Are you at risk of developing a health condition or disease? Your diet may be one of the reasons why your health is compromised. Try to follow the Blue Zone diet, which emerged from the work of Dan Buettner. About two decades ago, the author and his team identified five areas in the world where people live healthier and longer lives. The Blue Zone is not a scientific term. It popped up after the team drew blue circles on a map that highlighted places of extreme longevity. They started calling the areas inside the circle the blue zone. Read on to learn more about the Blue Zone diet and its benefits.
The Blue Zone diet, inspired by the eating habits of individuals in regions where people lived longer than others, prioritises plant-based foods. The zone consists of Okinawa (Japan), Sardinia (Italy), Nicoya (Costa Rica), Icaria (Greece), and Loma Linda (California) where fruits, vegetables, whole grains, beans, and nuts are the primary source of food, says dietician Preeti Nagar. It also includes moderate amounts of fish and seafood, very little meat and dairy, and an emphasis on food that is fresh, seasonal, and locally sourced. Also, this diet encourages drinking plenty of water, moderate consumption of wine (particularly red wine), and herbal teas.
The diet is not just about food choices, it’s also about lifestyle practices that contribute to longevity, such as regular physical activity, strong social connections, and stress reduction techniques.
The Blue Zone diet offers several benefits, which are believed to contribute to the longevity and health of people living in these areas.
The diet is rich in antioxidants and nutrients from plant-based sources, which can reduce inflammation and oxidative stress. It may help you lead a longer lifespan, the expert tells Health Shots.
With its emphasis on whole grains, fruits, vegetables, and healthy fats from nuts and fish, the diet promotes good cardiovascular health by reducing cholesterol levels and blood pressure.
High in fibre and low in processed foods and unhealthy fats, the Blue Zone diet can help maintain a healthy weight. It promotes satiety as well as reduces calorie intake.
The diet is all about nutrient-dense foods. So, it can lower the risk of developing chronic conditions such as diabetes, cancer, and neurodegenerative diseases.
The fibre content in plant-based foods supports a healthy digestive system and microbiome.
Each of these points reflects how a balanced, nutrient-rich diet combined with a healthy lifestyle can have profound effects on one’s overall well-being.
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Even though you don’t stay in these areas, you can follow the Blue Zone diet. Starting this diet involves making gradual changes towards a more plant-based, whole-food diet. Here’s a simple meal plan to give you an idea of what a day on the Blue Zone diet could look like:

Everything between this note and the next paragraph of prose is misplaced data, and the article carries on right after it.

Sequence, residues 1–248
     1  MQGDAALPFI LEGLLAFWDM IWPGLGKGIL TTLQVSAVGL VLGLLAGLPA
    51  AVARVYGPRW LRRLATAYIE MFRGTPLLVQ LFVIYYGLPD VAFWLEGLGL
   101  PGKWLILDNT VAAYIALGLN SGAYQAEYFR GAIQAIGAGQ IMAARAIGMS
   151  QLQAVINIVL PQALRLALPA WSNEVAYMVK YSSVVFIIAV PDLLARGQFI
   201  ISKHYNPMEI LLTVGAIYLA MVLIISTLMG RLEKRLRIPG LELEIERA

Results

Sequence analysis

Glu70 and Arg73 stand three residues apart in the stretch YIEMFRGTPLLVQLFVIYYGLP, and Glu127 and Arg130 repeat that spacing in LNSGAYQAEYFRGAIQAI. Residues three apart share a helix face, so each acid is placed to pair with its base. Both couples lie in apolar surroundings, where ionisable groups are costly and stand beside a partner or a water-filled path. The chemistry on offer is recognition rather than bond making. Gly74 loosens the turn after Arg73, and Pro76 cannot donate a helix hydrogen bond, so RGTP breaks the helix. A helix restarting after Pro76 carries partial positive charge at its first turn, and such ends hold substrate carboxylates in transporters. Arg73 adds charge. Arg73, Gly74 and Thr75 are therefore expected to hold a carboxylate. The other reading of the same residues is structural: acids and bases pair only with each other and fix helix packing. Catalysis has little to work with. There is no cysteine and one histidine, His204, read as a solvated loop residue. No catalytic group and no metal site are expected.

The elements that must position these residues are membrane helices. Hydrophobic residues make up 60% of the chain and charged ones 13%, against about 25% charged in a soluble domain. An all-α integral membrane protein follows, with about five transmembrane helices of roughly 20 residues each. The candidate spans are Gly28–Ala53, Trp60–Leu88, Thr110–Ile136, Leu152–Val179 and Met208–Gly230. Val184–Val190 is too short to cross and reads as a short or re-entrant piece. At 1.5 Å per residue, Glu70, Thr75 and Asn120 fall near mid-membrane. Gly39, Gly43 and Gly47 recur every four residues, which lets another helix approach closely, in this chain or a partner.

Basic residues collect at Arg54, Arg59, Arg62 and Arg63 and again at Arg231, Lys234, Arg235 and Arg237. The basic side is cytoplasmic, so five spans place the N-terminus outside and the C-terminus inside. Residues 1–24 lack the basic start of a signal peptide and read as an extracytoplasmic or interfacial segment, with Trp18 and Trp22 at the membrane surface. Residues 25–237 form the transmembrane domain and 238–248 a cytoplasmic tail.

Start with a bowl of porridge with almonds, fresh berries, and honey drizzled on top. If you want more fibre and omega-3 fatty acids, you may also add a teaspoon of flax seeds.
Eat fruits like an apple or a handful of almonds, but don’t overeat them, says the expert.
In the afternoon, go for a big salad seasoned with lemon juice and olive oil that includes mixed greens, chickpeas, tomatoes, cucumbers, olives, and feta cheese. Cut into a piece of wholegrain bread to go with it.
Eat carrot and cucumber sticks with hummus a few hours after lunch.
Have quinoa or brown rice, grilled salmon, or lentil stew served with a side of steamed veggies (broccoli or spinach).T
he Blue Zone diet is meant to be a long-term lifestyle strategy. It’s designed to last over time and become a seamless part of your everyday routine. Since the intention is to adopt these healthy eating habits and lifestyle practices throughout the duration of your life, there is no time limit.
Though most people agree that this diet is extremely healthy, like with any dietary modification, there could be adverse effects, especially in the beginning.
Here are some of the side effects –
Until your digestive system adjusts, increasing your intake of fibre through fruits, vegetables, and legumes may result in bloating. There may be changes in your bowel movements too.
Inadequate planning may result in a deficiency in some nutrients, like vitamin B12, calcium, iron, and omega-3 fatty acids. Some of these nutrients are commonly present in animal products.
When the body transitions to a cleaner diet with less processed food and sweets, some people may experience headaches or lethargy, says the expert.
It’s critical to adjust your diet in a way that is sustainable and feasible for you.